A landscaper who usually charges $25 per cut, charged my elderly mother $80? - AgingCare.com

A landscaper who usually charges $25 per cut, charged my elderly mother $80?

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He says its because she's not a regular client. I think it's an excessive rate, even if she's not a regular client. I think he is taking advantage of her because she his elderly. My mother was sheltered by my father and her mental state is declining. But, she insists that it's a good rate and won't look elsewhere. My mother is OCD about cleaning so what she thinks is a lot of leaves is actually a skimpy and very small amount of clean-up work to a normal person. This landscaper has barely any work to do and he is charging her way too much to do it.

Should I just let it go? It bothers me to see her taken advantage of this way.

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When caring for a client I was observing her mobile manicurist taking her to another room to be paid. I was concerned. I alerted the family to look into their mother's checkbook and what a shock we found. An $85 service was paid for by check in the amount of $300. The family instructed me to be on my toes the next week to see if the manicurist took my client into another room to be paid. I had asked the manicurist what her fee is and she said, "It varies." I was instructed to ask her this by the family. I asked her what the range is for a manicure and pedicure and she said "$85 and up." The client was again asked to pay $300.
The family went to the salon where the manicurist was employed and reported her to the salon owner. The manicurist was asked to return the overage and she was reported to her State Board. It is very common for elders and those who are vulnerable to have their innocence exploited. We have to be their advocates and always challenge injustice. If the landscaper is asked to give you a quote for service and you get that quote in writing, all parties will be better off. I do agree that $52 is a fair rate for landscaping. Just know ahead of time what you are going to be paying for. You can always ask that the work be customized, minimized etc.
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Well I hate to tell you all what organic farms use to fertilize the fields. I can remember the familiar smell of manure spreaders in cornfields in the Spring. So much for clean country air.
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The same with all wildlife that parade through a garden that isn't fenced off.
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Dog owners don't usually let their dogs poop on neighbor's lawns. We have strict leash laws in NYC and I've rarely seen loose dogs walking the streets in my neighborhood.The curb grass is not the property of the home owners--it's owned by the city. In fact, the city often owns part of people's front lawns and many owners aren't aware of that fact because the city hasn't had a reason to claim it..yet. The reason they do so is in case they ever have to widen the streets, they can claim the property to use--also if they have to fix the streets, they don't have to ask you if they want to pile materials on your curb grass.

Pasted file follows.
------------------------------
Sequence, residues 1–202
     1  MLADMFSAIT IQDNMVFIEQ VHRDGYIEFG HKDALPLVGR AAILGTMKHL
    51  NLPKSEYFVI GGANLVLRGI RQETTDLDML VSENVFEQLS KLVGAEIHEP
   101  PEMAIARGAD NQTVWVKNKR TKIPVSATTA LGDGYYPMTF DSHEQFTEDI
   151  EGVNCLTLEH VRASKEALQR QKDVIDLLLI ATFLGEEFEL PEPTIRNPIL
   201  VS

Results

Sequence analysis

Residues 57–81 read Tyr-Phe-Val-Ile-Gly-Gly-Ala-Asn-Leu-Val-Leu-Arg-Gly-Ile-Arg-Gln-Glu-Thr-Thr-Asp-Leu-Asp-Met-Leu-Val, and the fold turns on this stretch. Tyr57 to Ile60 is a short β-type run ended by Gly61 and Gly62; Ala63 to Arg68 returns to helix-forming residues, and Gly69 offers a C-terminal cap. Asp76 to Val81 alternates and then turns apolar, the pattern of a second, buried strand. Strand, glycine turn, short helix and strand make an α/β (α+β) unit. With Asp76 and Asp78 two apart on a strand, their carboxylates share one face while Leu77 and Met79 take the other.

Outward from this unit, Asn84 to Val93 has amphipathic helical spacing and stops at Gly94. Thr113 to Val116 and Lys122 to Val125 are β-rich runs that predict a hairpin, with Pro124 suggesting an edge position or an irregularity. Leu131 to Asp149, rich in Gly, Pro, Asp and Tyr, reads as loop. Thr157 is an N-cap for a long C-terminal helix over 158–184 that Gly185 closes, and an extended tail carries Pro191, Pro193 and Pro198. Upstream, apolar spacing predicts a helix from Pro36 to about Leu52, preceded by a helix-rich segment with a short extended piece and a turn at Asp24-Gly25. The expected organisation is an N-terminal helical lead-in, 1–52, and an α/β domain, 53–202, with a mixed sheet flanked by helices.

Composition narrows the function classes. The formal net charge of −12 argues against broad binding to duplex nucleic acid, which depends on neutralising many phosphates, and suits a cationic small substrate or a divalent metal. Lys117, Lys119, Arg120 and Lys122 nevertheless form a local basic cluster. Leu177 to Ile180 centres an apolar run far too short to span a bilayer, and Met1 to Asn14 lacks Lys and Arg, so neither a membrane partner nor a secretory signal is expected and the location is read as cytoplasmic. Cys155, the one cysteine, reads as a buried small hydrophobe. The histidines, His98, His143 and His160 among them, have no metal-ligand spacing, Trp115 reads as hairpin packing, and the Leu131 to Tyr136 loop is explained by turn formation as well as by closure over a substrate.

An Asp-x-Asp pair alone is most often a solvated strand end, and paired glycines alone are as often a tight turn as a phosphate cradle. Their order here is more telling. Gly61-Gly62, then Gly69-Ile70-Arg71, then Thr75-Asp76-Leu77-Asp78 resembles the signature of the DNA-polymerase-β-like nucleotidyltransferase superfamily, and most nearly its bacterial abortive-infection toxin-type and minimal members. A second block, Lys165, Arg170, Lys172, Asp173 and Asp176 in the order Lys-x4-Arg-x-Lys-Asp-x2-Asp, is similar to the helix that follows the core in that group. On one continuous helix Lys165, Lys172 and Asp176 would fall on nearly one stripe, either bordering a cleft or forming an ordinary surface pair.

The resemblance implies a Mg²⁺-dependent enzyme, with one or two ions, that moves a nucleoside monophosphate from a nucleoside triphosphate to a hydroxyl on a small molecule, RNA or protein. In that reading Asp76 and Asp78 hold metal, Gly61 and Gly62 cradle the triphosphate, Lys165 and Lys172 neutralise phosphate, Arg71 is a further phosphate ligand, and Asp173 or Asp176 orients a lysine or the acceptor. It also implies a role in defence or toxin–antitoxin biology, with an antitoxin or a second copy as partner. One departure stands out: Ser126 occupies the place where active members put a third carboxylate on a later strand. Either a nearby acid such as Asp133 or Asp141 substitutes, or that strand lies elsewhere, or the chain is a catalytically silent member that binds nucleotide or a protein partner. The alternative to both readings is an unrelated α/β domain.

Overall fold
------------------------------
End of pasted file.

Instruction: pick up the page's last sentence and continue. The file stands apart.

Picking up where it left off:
Cat poop is as bad, if not worse than dog poop, especially if you are growing vegetables in your garden--it can get you sick.
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Decades ago I owned a really rough tortie cat... oh my gosh, no one, and I mean no one would step foot on her property.... she would come out from the bushes all fluffed out, running side ways [cat owners know what I mean] and the dog and dog walker would quickly hi-tail it as fast as they could, never to return. Neighbors wanted to borrow her to help keep the dogs all their lawns.

Now if only we could have controlled that cat not to go after the UPS guy... [sigh]
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In NYC, we expect dogs to poop by the curb. If you live in an apartment building, you have to let your dog poop on curb grass because the street is filled with cars and there isn't any lawn in the front or back for them to poop on. As long as people pick up the poop, I don't have a problem with it. Dog walkers are the eyes and ears of a neighborhood. Trust me, criminals hate dog walkers!
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I could never understand why dog owners can't train their dogs to use their own lawn. Service dogs learn. One neighbor has a rescued dog and that dog actually goes on a walk, she has trouble keeping up with him... rarely does he stop to leave "messages" for other dogs.
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By the way, there are people you can hire who only pick up dog poo in yards. God bless them. They deserve whatever they get paid.
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No, the dog poo is not in my mother's yard. Her yard is immaculate. My father was an organic gardener. I was talking about dog poo by the curb and on curb grass in general. Not everyone picks up after their dogs. I don't use pesticides either and my dog goes for long walks but the curb grass is public turf and I can't control neighbors. But, if you read about leaf blowers you will be informed that they tend to blow up dog feces, pesticides, bacteria, mold and other things into the air. Plus, even if people pick up the poo, there still a bit of film that sticks to the grass.
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CaregivingNYC, you said there was dog poo? That would explain the high price. My lawn guy insisted the dog poo be picked up or he would not mow. He did not want to have to hose down the machines before moving to the next job. Homeowners don't want you to show up reeking of someone else's dog poo.
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